U.S.-Saudi ties. The families of the three U.S. service members killed and 13 others injured by Mohammed Alshamrani, a Saudi airman who went on a shooting spree at Naval Air Station Pensacola in 2019, are suing Saudi Arabia’s government, alleging that the kingdom failed to screen him appropriately before sending him to the United States for training. The families are filing the lawsuit against Saudi Arabia based on a 2016 law that allows U.S. citizens to sue foreign governments over terrorist attacks—legislation that was initially passed in order to allow the families of 9/11 victims to bring a civil suit against Saudi Arabia.

Bolsonaro’s oil-industry meddling. The share price of Brazil’s state-run oil firm Petrobras plunged by more than 20 percent on Monday as investors signaled unease at a recent move by Brazilian President Jair Bolsonaro to fire its CEO Roberto Castello Branco. Bolsonaro defended his decision to replace the executive with a retired army general on Monday, “It is my right to renew (his tenure) or not. It will not be renewed. What’s the problem? Some people in financial markets are very happy with a policy that only … serves the interests of certain groups in Brazil,” Bolsonaro said. The news comes as a recent opinion poll puts Bolsonaro’s approval rating at 32.9 percent, down from 41.2 percent in October.

Two years for Zuma? A South African commission set up to investigate corruption allegations against Jacob Zuma has called for the former president to face a two-year jail term for contempt of court after he refused a summons to appear before the inquiry. Zuma claims that he would not get a fair hearing as the judge presiding over the commission, Raymond Zondo, is biased.

Odds and Ends

A new national exam on cows developed by the Indian government-backed National Cow Commission has been shelved following controversy over its less-than-scientific contents. The curriculum for the test involved erroneous claims about the virtues of Indian cows that were widely ridiculed by the country’s scientific community. Among the “facts” on display: That Indian cows have a special “solar pulse” in their humps which can supposedly convert sun rays into vitamin D that is then passed on to milk, and an assertion that Indian cows are “strong” whereas foreign cows are “lazy.”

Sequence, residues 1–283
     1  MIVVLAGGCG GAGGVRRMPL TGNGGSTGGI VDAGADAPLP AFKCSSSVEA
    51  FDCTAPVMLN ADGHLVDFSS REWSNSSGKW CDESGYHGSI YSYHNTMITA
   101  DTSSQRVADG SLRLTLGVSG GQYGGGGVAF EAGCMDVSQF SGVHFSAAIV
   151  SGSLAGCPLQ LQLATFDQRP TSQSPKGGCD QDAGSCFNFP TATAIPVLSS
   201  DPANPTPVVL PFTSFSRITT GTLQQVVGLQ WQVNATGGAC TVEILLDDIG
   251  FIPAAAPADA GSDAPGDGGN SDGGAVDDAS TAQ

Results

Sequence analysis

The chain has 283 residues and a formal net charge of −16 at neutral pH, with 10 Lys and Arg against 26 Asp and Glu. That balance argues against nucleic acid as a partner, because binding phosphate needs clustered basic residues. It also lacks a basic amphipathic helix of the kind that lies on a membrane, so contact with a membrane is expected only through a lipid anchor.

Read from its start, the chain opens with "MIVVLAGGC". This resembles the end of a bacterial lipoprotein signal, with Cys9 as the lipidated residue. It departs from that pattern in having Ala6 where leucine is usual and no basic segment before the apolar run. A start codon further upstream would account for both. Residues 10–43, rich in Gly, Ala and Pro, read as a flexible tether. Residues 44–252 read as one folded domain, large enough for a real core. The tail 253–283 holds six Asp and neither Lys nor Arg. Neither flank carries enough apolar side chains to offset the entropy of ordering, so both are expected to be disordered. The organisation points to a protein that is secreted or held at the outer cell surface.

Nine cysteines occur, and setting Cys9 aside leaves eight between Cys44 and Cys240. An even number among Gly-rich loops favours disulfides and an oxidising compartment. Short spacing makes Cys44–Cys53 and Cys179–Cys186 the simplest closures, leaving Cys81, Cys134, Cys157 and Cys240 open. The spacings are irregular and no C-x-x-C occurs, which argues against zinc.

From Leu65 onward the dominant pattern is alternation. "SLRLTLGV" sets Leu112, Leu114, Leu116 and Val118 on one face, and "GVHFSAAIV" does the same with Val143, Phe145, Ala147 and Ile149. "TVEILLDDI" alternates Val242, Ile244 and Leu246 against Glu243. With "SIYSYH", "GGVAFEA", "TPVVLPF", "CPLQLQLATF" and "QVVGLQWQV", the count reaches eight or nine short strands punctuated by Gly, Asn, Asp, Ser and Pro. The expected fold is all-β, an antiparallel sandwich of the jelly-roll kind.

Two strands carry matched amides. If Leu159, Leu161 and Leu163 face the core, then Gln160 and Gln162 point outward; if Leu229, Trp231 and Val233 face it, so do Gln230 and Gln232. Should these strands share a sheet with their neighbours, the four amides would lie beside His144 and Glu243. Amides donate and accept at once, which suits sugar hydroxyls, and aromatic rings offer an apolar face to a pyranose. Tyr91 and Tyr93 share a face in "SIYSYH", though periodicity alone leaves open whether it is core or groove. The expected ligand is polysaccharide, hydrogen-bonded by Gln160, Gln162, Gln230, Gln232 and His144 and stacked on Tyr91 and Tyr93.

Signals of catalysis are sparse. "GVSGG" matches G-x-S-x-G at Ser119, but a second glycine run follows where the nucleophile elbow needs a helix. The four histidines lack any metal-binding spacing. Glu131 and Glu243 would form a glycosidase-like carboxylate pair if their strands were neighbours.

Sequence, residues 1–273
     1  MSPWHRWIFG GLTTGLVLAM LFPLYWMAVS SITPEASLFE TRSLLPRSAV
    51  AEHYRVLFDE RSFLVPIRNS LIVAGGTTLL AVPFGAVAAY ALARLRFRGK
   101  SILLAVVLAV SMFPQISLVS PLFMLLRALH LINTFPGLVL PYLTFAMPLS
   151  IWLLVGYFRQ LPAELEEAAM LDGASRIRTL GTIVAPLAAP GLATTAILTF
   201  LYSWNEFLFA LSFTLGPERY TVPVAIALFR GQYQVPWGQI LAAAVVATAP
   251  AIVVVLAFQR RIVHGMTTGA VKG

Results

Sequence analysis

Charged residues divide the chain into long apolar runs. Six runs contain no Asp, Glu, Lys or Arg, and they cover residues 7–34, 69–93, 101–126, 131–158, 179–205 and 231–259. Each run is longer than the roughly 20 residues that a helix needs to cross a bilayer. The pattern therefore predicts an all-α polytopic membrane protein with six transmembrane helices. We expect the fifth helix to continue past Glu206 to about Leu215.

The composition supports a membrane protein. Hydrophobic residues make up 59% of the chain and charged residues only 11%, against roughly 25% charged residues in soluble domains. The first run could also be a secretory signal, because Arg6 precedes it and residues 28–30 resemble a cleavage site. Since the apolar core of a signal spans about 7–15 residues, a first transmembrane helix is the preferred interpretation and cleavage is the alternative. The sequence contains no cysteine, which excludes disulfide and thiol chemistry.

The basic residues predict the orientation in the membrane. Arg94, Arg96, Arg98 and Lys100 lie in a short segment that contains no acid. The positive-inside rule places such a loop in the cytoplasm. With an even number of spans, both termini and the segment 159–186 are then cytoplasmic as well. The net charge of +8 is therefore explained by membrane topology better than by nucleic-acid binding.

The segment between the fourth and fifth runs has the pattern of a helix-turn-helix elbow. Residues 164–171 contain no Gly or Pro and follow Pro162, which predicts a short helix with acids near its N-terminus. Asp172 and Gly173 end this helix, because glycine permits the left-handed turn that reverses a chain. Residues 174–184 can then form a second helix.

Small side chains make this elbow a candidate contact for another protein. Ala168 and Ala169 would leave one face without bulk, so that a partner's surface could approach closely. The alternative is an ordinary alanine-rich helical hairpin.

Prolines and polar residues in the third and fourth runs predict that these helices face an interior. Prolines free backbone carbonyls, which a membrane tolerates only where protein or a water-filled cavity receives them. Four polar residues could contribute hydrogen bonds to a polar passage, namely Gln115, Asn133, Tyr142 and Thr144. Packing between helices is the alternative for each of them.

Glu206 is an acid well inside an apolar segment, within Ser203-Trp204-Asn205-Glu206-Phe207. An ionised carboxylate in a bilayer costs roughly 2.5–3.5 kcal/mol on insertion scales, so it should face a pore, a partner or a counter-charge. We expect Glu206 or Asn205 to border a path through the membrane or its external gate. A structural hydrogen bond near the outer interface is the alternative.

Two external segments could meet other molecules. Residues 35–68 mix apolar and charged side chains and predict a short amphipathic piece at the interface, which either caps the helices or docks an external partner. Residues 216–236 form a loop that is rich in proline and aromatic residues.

The issue of cows, considered sacred by Hindus, and their treatment has become even more of a cultural wedge issue in India following the rise of Prime Minister Narendra Modi’s Hindu nationalist government, with sometimes deadly results. Attacks by vigilante “cow protection” groups killed 44 people between 2015 and 2018 according to Human Rights Watch, with Muslims among the majority of those targeted.

“This is very weird, this exam,” Komal Srivastava, an official at the India Knowledge and Science Society, told the New York Times. “If we want to teach kids about cows, it has to be scientific knowledge and not mythology.”

That’s it for today. 

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Colm Quinn is the newsletter writer at Foreign Policy. Twitter: @colmfquinn